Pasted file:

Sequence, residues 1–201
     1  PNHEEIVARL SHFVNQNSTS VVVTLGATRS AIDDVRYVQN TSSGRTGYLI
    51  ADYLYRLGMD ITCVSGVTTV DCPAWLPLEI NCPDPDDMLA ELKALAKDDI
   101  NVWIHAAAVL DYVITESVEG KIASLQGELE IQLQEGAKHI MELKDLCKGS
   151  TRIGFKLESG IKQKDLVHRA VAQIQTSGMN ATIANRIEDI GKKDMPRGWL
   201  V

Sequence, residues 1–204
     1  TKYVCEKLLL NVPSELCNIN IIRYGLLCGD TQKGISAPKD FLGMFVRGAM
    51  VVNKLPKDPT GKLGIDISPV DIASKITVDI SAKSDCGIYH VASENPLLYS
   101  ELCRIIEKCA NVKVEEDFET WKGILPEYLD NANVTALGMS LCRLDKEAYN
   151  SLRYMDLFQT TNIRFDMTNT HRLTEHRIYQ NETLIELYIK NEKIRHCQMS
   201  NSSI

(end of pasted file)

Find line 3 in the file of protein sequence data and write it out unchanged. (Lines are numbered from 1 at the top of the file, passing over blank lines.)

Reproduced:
    51  ADYLYRLGMD ITCVSGVTTV DCPAWLPLEI NCPDPDDMLA ELKALAKDDI